Genl Marshall, a truly extraordinary man, was extremely worried during the war. He was not worried that we would lose it. He was worried that it would go on so long that the derangements to American society and its economy would no longer be recoverable afterwards. After some period of time, the massive spending, borrowing, intrusion of governments into the ordinary workings of American business and the substitution of its objectives for private persons’, diversion of men, money, and assets from peaceful and productive pursuits, and absence from the workforce of most of a generation of healthy males (the unhealthy ones weren’t in the military, recall), would so erode the channels of economic life that the U.S. would be economically defeated even though militarily victorious. Perhaps he was thinking of the position that France found itself in the late 1780s.
I’m going to suggest that we may have arrived at the point Genl Marshall foresaw, but through largely non-warlike means. Servicing a $16 trillion note will suck the oxygen from the air that American business needs to function. The government spends a proportion of our GDP that is unmatched for any period since the war ended, and with the healthcare catastrophe it is proposing to take over, directly or otherwise, a full fifth of the economy. The federal tax system is already pulling a proportion of the GDP that is pretty close to what it’s ever been able to raise (roughly 19-21%, as I recall), irrespective of the bracket structure in place at any point. Over a third of all American working-age adults are simply no longer part of the workforce. The collapse of the labor force is, by the way, a trend that goes back to 1950. Somewhere I saw a chart that superimposed a graph-line of labor force participation over recessionary spells, going all the way back to 1950 or so. What struck me was that with each recession, labor force participation plunges. It then comes back as the economy comes out of recession . . . but it never again reaches the level it had just before the drop.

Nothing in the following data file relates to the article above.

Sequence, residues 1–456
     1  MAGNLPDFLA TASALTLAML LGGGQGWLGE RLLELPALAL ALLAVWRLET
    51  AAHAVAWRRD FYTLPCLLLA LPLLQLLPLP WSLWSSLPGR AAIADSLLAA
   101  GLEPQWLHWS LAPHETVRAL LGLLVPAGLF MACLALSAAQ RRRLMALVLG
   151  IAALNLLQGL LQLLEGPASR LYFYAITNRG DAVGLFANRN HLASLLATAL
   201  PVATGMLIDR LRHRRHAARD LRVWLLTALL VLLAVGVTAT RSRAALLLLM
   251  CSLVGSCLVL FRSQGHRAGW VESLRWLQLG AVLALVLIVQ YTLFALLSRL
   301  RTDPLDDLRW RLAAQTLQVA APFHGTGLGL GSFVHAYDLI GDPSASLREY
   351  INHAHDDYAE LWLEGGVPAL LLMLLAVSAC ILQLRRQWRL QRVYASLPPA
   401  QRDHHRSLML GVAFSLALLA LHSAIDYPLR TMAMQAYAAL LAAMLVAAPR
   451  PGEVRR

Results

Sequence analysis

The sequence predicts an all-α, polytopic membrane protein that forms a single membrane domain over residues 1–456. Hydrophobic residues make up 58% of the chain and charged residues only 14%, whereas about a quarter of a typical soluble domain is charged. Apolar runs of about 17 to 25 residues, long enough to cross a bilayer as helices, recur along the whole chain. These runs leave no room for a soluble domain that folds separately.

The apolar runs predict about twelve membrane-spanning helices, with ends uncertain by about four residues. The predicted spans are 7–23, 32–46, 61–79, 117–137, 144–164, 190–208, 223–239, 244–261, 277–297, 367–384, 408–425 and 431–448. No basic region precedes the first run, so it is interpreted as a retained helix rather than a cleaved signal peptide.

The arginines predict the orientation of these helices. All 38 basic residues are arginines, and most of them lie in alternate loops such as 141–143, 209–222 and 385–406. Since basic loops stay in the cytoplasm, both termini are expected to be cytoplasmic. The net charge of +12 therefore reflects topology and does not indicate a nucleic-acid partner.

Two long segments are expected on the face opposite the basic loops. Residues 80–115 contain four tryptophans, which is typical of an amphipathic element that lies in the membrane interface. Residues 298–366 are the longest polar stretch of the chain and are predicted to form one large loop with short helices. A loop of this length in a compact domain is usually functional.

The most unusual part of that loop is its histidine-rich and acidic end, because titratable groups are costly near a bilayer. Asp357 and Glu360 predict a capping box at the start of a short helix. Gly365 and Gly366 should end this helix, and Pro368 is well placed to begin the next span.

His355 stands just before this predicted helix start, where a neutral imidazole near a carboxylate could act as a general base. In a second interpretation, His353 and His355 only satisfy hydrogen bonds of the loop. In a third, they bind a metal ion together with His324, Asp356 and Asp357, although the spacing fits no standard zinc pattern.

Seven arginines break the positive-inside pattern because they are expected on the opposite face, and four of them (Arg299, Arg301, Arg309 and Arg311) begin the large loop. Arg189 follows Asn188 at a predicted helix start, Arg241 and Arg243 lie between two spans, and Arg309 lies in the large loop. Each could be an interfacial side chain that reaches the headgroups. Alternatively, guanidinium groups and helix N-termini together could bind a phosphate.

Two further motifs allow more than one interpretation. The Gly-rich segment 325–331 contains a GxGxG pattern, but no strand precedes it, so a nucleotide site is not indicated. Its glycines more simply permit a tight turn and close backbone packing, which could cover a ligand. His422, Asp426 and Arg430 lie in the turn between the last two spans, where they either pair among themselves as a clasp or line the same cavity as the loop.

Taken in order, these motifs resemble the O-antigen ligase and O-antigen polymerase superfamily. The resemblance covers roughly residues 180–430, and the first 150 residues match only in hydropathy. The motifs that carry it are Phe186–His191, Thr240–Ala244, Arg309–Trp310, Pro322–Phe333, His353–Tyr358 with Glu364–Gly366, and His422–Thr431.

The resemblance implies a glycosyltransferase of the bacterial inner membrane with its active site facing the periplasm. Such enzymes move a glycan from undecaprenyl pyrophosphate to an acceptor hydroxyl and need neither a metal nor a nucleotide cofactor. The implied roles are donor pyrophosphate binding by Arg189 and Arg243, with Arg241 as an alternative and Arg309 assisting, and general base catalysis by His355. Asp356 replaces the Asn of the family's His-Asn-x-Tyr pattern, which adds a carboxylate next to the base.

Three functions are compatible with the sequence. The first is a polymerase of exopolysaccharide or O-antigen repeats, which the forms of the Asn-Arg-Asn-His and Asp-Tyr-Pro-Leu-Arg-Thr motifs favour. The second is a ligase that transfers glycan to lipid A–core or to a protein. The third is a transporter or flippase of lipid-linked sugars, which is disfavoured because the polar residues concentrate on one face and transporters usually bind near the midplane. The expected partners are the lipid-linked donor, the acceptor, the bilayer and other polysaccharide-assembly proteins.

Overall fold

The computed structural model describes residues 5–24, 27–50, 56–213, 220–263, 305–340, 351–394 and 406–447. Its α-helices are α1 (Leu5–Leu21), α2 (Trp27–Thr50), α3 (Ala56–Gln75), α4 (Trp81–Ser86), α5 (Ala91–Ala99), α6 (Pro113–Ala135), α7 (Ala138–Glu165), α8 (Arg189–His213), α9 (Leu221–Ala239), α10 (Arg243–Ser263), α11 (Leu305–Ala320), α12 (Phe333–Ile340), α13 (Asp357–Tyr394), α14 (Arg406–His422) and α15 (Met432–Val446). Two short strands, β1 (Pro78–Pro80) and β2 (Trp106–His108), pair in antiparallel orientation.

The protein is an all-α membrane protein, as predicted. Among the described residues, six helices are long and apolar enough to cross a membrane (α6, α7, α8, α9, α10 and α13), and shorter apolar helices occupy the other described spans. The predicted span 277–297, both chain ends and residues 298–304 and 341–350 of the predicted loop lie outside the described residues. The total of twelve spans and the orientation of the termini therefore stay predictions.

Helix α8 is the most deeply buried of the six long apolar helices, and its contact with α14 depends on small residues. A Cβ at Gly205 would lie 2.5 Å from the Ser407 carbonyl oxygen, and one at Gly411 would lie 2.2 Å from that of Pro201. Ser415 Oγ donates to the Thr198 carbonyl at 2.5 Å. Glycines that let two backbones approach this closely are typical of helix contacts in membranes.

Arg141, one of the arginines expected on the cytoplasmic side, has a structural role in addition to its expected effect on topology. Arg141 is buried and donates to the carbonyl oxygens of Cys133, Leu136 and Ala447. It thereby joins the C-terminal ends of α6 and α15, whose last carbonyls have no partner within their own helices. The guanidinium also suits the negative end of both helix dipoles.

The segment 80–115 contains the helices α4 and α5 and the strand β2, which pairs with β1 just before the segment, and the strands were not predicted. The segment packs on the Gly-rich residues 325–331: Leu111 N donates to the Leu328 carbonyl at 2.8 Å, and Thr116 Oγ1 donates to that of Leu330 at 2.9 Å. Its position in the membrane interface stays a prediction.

If growth shot up to a sustained breakneck pace per year we might be able to grow our way back, if at the same time we hived off massive portions of federal outlays. But chopping off that kind of spending, when so much of the economy has become dependent on that spending, is going to do what to our short-term growth? And exactly how realistic is it to suppose that we can sustain that frenetic growth rate for long enough to get the bills paid? If every generation or so the business cycle takes a downward turn, and if we need multiple generations’ worth of uninterrupted growth to work our way out of our position, how likely is it that we’ll pull it off?
We may have painted ourselves into a corner. Will we be permitted the time to stand pat and wait for the paint to dry?